The reaction from a single, normal mosquito bite usually results in a lot of itching for a day or so. The same bite from a mosquito infected with West Nile virus has much more serious symptoms that could go on for about a week, or longer in some cases.
Recently, the Randolph-Elkins Health Department and the West Virginia Department of Health and Human Resources' Bureau for Public Health reported an increase in West Nile virus among mosquitoes. Specifically, 20.5 of 200 of the insects sampled tested positive for the virus. That's a big increase over last year, when the rate was 1.4 percent.
According to the U.S. National Library of Medicine, the conditions of West Nile virus can range from mild to severe. While some people experience no symptoms, the virus can be life threatening for those contract the more serious forms - West Nile encephalitis or West Nile meningitis. Symptoms for the milder form include abdominal pain, fever, headache and nausea. The more serious cases can inflict people with confusion, loss of consciousness and a stiff neck.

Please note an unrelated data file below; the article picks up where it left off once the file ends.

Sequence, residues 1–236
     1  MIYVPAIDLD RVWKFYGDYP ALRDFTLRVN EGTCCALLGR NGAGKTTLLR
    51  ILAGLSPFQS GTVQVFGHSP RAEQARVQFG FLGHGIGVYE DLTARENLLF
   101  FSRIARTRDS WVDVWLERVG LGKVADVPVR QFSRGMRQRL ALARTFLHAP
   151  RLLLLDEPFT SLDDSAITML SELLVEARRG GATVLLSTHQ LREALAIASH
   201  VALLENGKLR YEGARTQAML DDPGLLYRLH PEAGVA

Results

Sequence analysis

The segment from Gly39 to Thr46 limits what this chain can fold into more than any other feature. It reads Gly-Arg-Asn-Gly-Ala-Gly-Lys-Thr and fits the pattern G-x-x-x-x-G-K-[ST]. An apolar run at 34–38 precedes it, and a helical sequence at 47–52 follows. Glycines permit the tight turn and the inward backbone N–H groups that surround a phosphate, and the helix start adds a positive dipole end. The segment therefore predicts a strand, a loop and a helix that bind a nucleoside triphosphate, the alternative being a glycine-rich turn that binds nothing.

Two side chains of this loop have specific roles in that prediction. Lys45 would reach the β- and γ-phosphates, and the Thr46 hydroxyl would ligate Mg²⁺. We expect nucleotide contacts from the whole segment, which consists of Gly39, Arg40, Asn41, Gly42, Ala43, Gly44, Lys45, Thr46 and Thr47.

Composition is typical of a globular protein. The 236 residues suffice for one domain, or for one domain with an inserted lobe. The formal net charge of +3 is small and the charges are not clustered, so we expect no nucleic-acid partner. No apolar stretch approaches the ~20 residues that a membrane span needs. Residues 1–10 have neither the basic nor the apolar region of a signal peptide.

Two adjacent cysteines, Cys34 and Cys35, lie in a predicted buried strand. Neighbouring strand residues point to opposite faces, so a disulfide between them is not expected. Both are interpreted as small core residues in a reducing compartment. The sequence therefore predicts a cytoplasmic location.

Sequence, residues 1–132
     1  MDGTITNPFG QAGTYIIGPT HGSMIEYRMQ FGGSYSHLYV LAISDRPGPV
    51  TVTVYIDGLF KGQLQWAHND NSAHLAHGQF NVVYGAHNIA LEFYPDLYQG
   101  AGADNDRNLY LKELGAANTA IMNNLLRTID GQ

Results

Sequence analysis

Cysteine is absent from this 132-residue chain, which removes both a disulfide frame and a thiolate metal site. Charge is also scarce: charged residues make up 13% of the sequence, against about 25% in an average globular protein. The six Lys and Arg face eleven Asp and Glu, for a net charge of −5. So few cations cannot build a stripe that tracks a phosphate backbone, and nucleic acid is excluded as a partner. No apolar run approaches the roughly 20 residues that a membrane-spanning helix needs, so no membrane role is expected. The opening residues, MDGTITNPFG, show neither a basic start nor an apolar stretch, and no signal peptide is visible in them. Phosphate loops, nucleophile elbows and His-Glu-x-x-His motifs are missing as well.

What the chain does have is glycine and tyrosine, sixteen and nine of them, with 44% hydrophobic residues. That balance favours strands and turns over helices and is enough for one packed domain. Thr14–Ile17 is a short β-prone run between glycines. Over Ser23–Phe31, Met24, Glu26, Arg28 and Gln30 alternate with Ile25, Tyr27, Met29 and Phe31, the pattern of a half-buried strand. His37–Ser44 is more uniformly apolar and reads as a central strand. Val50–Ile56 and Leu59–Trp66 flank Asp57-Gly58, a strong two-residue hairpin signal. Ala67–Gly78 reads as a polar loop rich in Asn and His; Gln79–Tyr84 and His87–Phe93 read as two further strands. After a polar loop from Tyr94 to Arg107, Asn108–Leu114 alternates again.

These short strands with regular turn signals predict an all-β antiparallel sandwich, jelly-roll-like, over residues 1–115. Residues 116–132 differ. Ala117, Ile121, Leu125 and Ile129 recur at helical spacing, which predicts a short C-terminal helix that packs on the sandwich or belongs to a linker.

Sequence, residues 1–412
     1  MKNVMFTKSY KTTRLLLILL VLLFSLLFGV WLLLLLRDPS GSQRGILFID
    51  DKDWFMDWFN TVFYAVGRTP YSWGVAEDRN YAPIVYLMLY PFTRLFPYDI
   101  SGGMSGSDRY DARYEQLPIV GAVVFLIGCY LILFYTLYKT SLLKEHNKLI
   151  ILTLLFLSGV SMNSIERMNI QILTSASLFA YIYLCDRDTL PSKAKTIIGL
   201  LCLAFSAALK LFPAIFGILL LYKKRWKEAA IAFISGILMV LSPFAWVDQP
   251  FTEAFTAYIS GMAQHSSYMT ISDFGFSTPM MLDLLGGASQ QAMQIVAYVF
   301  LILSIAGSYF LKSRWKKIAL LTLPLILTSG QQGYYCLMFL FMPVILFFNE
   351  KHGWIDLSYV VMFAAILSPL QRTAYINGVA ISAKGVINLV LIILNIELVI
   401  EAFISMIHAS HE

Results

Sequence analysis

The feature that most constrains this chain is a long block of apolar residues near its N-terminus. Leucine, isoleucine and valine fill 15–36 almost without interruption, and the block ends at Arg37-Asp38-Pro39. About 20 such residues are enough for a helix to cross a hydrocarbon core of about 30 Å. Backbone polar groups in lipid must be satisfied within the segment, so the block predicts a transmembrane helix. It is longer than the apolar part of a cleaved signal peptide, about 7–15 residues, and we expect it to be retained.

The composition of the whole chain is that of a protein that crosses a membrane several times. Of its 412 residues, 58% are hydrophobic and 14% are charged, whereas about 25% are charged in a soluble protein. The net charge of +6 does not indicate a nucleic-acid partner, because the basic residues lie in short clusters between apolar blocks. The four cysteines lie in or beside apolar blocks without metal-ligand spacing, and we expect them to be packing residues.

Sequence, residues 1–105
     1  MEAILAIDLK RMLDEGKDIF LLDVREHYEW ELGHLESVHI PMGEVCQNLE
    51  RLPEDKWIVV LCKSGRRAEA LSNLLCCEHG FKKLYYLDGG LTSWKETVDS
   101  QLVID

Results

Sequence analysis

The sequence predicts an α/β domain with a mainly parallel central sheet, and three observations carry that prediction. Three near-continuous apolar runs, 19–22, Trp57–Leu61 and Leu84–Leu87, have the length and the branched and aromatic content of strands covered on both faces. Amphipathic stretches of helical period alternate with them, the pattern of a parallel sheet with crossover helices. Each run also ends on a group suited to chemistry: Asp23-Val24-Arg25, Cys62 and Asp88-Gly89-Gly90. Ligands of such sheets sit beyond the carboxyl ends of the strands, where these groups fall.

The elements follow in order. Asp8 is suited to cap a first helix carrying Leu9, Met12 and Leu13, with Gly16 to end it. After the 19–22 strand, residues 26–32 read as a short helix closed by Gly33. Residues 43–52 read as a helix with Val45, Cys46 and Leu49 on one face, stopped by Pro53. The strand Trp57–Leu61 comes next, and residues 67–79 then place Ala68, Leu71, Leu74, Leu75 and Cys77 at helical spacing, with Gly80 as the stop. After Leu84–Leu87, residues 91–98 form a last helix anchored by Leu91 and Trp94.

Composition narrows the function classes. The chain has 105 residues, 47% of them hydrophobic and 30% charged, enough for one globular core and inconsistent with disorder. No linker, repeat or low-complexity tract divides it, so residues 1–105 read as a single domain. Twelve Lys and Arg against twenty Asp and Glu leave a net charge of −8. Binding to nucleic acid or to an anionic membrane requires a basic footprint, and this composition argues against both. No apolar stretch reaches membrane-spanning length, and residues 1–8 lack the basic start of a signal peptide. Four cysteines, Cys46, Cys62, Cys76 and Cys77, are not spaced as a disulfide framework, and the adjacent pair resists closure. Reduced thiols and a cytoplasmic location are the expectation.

Because of this threat, it's important to avoid mosquito bites. The Centers for Disease Control recommends:
Emptying containers with standing water as this is the breeding ground for mosquitoes.
Making sure window screens are secure.
Using an insect repellent.
Anyone who thinks they are infected should seek medical attention immediately. West Nile is something to take seriously. Prevention always remains the best cure.